By Erin Wyble Newcomb (Recycled from April/May 2015, Edition 25)
Illustrated by Annie Dwyer Internicola
Confession: I am embarrassing to take to most movies. I’m a crier, but not a wipe-a-stray-tear-away kind of crier. I weep. I am the kind of crier who sobs so loudly that I make other people cry—or stare. In this way, my husband and I are an opposites-attract couple, and after 14 years together, I can probably count on less than one hand the times I’ve seen him cry. Even then, he was subtle.
Our differences are reflected in our children. So last spring, when we had to euthanize my beloved 17-year-old cat, our younger daughter wept with me and our older daughter stood, stoically silent, next to her father. That’s a dramatic example, but these dynamics play out in everyday interactions as well. Our younger child squeals with glee as she bounces in the ocean’s waves; she still cries almost every night at bedtime from being overwhelmed by the day’s emotions and the prospect of missing the rest of us during the night. Our elder child has a certain smile that tells us when she’s delighted, and she withdraws into a book when she’s overcome with sadness or frustration. It’s not that any one of us feels more deeply than the others, but that we express ourselves differently.
In the summer of 2014, for instance, when some dear friends of our family moved, a loss that followed only a few months after losing my feline companion. When our friends moved, some of us cried about it, and I found myself feeling sad for weeks afterward. I am still sad about it! It took me a little while to name the cause of my lethargy and to give myself permission to feel sad about our losses. I want my children to understand that being happy all the time is not realistic, nor does it necessarily lead to a meaningful life. The tremendous joy those friends brought to our lives deserves the honor of mourning. It’s not happy, but it’s true.
The truth of our emotional lives is often complicated, and parenting requires us to teach our children to maneuver through our relationships with maturity and grace. It means that living and loving inevitably lead to loss—sometime or other. That’s one of the first, most poignant, and most beautiful lessons we learn with our pets.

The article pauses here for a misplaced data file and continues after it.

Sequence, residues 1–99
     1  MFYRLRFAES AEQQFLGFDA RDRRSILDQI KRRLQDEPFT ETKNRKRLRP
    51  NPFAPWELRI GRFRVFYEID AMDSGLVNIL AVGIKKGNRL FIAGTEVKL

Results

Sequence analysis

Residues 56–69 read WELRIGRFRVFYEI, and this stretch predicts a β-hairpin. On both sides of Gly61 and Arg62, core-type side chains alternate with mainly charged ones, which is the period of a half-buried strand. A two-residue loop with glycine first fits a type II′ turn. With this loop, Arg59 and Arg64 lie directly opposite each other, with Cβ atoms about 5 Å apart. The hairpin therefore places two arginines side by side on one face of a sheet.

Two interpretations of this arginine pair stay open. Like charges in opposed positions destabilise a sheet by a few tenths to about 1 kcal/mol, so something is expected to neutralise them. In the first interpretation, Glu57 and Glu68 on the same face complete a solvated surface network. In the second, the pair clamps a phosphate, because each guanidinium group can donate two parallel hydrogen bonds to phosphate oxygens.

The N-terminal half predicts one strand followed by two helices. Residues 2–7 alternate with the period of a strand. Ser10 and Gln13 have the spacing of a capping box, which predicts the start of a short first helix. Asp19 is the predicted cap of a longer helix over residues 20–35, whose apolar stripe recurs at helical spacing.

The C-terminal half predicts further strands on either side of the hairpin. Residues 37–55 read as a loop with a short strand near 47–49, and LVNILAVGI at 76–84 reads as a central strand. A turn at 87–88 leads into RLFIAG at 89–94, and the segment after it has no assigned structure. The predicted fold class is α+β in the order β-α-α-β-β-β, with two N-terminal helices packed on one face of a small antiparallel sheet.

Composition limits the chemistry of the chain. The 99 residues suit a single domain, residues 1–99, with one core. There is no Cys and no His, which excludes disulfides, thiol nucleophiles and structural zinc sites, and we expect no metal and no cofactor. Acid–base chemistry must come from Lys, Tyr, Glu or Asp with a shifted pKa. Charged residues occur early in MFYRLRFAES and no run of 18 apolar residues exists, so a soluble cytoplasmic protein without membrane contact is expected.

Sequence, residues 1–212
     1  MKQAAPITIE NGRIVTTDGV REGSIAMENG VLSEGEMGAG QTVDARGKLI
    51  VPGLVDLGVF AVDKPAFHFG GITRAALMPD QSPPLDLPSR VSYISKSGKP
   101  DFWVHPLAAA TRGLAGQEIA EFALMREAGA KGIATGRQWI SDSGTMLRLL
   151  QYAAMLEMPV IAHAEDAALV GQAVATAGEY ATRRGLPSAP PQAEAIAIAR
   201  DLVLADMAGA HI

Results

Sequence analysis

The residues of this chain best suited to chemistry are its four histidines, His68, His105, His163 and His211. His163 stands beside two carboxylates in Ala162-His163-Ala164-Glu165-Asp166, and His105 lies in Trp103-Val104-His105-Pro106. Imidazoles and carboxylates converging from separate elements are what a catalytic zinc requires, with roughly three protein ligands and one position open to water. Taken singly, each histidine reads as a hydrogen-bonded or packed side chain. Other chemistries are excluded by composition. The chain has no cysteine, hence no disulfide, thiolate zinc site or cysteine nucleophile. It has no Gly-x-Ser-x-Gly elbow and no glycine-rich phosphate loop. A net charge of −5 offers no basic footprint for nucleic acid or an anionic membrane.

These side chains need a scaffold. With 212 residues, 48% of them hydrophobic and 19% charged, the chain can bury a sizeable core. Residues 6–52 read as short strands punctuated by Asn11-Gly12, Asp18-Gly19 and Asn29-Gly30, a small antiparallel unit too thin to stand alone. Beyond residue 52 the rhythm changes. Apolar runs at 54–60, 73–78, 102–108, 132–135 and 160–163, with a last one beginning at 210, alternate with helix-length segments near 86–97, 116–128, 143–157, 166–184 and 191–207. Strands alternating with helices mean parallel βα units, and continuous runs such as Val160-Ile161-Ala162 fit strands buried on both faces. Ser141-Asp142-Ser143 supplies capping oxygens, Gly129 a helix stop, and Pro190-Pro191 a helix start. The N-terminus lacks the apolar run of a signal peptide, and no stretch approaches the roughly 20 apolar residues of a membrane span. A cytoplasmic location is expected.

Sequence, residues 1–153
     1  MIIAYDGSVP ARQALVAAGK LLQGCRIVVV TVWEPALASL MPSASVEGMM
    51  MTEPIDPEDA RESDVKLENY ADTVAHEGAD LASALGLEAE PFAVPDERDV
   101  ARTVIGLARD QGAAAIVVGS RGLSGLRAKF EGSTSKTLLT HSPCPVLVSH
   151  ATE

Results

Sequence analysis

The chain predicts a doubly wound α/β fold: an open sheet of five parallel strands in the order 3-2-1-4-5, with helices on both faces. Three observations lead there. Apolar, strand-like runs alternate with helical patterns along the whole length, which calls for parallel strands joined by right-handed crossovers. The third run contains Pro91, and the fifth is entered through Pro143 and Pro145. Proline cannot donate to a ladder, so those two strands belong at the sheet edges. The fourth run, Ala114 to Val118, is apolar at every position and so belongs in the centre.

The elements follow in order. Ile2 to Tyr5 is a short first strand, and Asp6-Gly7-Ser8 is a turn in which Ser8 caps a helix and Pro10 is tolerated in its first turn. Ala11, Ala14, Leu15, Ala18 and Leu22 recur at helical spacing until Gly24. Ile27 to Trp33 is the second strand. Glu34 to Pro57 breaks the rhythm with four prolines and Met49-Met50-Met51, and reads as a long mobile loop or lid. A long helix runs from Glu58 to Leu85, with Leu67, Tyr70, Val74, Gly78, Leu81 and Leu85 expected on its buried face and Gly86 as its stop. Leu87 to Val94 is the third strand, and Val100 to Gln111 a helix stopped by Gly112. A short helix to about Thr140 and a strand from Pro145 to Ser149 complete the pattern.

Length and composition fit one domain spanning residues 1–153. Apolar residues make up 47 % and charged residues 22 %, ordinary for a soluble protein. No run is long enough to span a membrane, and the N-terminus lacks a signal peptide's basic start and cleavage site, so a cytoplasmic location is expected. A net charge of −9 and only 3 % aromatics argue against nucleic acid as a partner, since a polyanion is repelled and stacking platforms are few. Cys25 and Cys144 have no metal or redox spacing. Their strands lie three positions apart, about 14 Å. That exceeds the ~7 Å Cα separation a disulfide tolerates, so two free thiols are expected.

My husband and I always try to let our children hear us resolve our disagreements, especially if they’ve heard us argue. It’s essential for them to understand that we can disagree while still loving each other, that we can disagree while still treating each other with respect. It’s equally important for them to hear us own our errors and apologize sincerely. When I needed a quiet workspace to write this piece, both of my children were frustrated about being asked to move their game into the playroom. I understood their annoyance at being interrupted but expressed my need for a peaceful space to do my job. We were all mildly irritated, and we all had to cope. Much of the time, I adjust my work around them and their needs—so our interactions are a series of compromises. This time, it was their turn to give. That’s relationships.
I express my feelings and my needs clearly with my children because I want them to do the same—with me and their father, with each other, and with others. Owning our emotions (however dramatic or reserved) is a critical component of self-knowledge and emotional maturity. It’s critical to healthy relationships throughout our lives, even as it requires give-and-take on a day-to-day basis. It’s work, but it’s worth it. That, too, is relationships. █